PEOPLE v. NIELSEN

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Supreme Court, Appellate Division, Fourth Department, New York.

The PEOPLE of the State of New York, Respondent, v. Tammy L. NIELSEN, Defendant-Appellant.

Decided: November 13, 2009

PRESENT:  SCUDDER, P.J., CENTRA, FAHEY, GREEN, AND GORSKI, JJ. Bruce R. Bryan, Syracuse, for Defendant-Appellant. William J. Fitzpatrick, District Attorney, Syracuse (Brenton P. Dadey of Counsel), for Respondent.

 Defendant appeals from a judgment convicting her upon a jury verdict of grand larceny in the third degree (Penal Law § 155.35).   Defendant failed to preserve for our review her contention that the evidence is legally insufficient to support the conviction inasmuch as her motion for a trial order of dismissal was not “ ‘specifically directed’ at the alleged error [s]” asserted on appeal (People v. Gray, 86 N.Y.2d 10, 19, 629 N.Y.S.2d 173, 652 N.E.2d 919).   Viewing the evidence in light of the elements of the crime as charged to the jury (see People v. Danielson, 9 N.Y.3d 342, 349, 849 N.Y.S.2d 480, 880 N.E.2d 1), we conclude that the verdict is not against the weight of the evidence (see generally People v. Bleakley, 69 N.Y.2d 490, 495, 515 N.Y.S.2d 761, 508 N.E.2d 672).   We reject the contention of defendant that she was denied a fair trial based on the failure of the People to disclose prior to trial that they had made assurances to one of their witnesses that he would not be prosecuted for tax evasion.   Even assuming, arguendo, that those assurances constituted Brady material, we agree with Supreme Court that defendant was “given a meaningful opportunity to use the allegedly exculpatory material to cross-examine the People's witnesses or as evidence during [her] case,” and thus reversal is not required (People v. Cortijo, 70 N.Y.2d 868, 870, 523 N.Y.S.2d 463, 517 N.E.2d 1349;  see People v. Tillman, 261 A.D.2d 854, 691 N.Y.S.2d 212, lv. denied 93 N.Y.2d 980, 695 N.Y.S.2d 66, 716 N.E.2d 1111).   The court properly denied defendant's motion to dismiss the indictment based upon the alleged insufficiency of the prosecutor's opening statement.   “The prosecutor stated the nature of the charge[ ] and the facts that he expected to prove in support of them[,] and thus his opening statement was adequate” (People v. Dennee, 291 A.D.2d 888, 738 N.Y.S.2d 146, lv. denied 98 N.Y.2d 650, 745 N.Y.S.2d 508, 772 N.E.2d 611;  see generally People v. Kurtz, 51 N.Y.2d 380, 384, 434 N.Y.S.2d 200, 414 N.E.2d 699, cert. denied 451 U.S. 911, 101 S.Ct. 1983, 68 L.Ed.2d 301).   The record does not support defendant's contention that the court improperly assumed the function or appearance of an advocate during the trial (see People v. Wager, 19 A.D.3d 263, 796 N.Y.S.2d 615, lv. denied 5 N.Y.3d 811, 803 N.Y.S.2d 40, 836 N.E.2d 1163).   Finally, the incarceration portion of the sentence is not unduly harsh or severe.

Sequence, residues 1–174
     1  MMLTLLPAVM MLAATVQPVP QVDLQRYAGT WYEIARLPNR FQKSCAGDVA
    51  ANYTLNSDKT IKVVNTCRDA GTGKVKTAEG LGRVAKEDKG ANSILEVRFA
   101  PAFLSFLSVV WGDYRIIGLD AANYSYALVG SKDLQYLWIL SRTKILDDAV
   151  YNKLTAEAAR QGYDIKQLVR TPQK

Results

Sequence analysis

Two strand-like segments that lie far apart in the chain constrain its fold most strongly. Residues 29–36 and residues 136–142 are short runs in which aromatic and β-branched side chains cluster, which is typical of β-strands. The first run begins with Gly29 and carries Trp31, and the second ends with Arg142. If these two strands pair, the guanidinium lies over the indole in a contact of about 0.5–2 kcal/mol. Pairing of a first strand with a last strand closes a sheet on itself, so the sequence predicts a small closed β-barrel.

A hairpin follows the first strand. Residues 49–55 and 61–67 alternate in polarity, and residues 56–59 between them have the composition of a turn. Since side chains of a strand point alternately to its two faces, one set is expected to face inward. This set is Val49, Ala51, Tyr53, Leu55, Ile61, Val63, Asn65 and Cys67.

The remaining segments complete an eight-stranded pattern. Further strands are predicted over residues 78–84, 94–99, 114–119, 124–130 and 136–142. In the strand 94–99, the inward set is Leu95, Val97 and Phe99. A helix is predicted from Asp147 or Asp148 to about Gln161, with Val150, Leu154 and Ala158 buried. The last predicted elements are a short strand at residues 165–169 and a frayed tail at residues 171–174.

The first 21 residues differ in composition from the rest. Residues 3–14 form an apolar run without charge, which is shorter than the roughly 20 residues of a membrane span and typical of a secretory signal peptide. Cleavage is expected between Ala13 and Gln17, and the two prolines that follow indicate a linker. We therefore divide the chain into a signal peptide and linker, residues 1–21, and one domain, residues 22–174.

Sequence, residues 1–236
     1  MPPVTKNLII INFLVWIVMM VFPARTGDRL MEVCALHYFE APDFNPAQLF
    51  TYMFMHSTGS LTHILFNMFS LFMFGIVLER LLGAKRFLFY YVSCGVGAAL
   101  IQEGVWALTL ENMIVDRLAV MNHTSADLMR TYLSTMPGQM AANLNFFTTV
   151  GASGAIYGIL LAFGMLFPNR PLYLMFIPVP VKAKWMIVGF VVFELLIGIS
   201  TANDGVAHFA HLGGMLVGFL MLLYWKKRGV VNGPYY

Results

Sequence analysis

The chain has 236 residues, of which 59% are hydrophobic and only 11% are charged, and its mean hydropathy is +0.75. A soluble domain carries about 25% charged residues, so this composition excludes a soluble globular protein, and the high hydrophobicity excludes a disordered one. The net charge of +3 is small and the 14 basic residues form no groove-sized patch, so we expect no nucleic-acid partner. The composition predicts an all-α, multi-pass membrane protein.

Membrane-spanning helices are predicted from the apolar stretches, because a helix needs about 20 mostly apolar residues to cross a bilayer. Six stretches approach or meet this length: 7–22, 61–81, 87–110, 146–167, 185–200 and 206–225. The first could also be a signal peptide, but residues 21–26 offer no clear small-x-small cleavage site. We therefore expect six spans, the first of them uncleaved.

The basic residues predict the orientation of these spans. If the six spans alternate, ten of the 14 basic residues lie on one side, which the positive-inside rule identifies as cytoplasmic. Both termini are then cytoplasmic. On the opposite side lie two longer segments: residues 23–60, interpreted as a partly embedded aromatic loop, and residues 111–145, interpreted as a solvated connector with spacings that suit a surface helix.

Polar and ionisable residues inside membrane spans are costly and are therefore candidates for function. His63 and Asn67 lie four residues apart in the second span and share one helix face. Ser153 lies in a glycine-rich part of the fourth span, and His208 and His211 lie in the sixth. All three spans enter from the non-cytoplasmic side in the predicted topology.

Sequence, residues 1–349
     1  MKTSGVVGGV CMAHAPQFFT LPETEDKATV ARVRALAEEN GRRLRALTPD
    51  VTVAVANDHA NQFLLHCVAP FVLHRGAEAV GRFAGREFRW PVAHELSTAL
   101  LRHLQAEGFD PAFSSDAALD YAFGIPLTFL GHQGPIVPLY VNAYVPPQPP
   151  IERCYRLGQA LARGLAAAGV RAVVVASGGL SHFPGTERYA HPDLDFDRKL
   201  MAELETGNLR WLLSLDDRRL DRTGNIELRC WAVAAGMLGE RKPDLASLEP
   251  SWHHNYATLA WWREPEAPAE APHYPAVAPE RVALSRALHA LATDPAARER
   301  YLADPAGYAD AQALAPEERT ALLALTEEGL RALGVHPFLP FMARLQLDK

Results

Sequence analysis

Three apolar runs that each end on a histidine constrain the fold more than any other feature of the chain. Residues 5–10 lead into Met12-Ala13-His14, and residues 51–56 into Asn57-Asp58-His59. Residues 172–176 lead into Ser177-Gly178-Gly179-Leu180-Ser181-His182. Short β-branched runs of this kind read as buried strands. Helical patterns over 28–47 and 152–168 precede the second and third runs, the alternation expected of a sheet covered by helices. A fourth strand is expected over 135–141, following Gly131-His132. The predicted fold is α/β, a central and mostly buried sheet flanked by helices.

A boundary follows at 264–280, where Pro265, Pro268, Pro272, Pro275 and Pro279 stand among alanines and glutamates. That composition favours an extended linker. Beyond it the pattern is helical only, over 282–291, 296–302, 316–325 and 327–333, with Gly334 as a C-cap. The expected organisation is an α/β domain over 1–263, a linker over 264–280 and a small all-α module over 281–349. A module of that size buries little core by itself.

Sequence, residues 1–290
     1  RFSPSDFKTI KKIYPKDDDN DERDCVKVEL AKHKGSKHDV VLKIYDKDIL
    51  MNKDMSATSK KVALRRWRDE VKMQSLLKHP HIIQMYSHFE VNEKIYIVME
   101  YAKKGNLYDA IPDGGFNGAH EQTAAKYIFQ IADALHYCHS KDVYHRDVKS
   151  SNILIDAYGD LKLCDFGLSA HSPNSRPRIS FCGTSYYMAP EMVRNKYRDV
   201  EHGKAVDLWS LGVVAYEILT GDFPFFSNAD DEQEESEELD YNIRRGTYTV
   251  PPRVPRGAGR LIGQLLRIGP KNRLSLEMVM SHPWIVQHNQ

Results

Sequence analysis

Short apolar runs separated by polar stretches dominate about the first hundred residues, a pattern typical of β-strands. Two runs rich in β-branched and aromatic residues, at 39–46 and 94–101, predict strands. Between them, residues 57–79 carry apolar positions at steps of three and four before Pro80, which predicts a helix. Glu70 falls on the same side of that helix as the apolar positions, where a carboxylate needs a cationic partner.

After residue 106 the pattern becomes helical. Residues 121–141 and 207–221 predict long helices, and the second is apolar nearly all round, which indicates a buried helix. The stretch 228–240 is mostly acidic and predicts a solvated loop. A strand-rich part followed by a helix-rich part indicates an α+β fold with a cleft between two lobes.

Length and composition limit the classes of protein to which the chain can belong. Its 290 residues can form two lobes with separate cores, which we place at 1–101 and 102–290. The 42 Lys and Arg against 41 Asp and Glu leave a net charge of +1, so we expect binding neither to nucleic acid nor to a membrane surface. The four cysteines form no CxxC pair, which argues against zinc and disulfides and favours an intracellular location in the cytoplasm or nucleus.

It is hereby ORDERED that the judgment so appealed from is unanimously affirmed and the matter is remitted to Supreme Court, Onondaga County, for proceedings pursuant to CPL 460.50(5).

MEMORANDUM: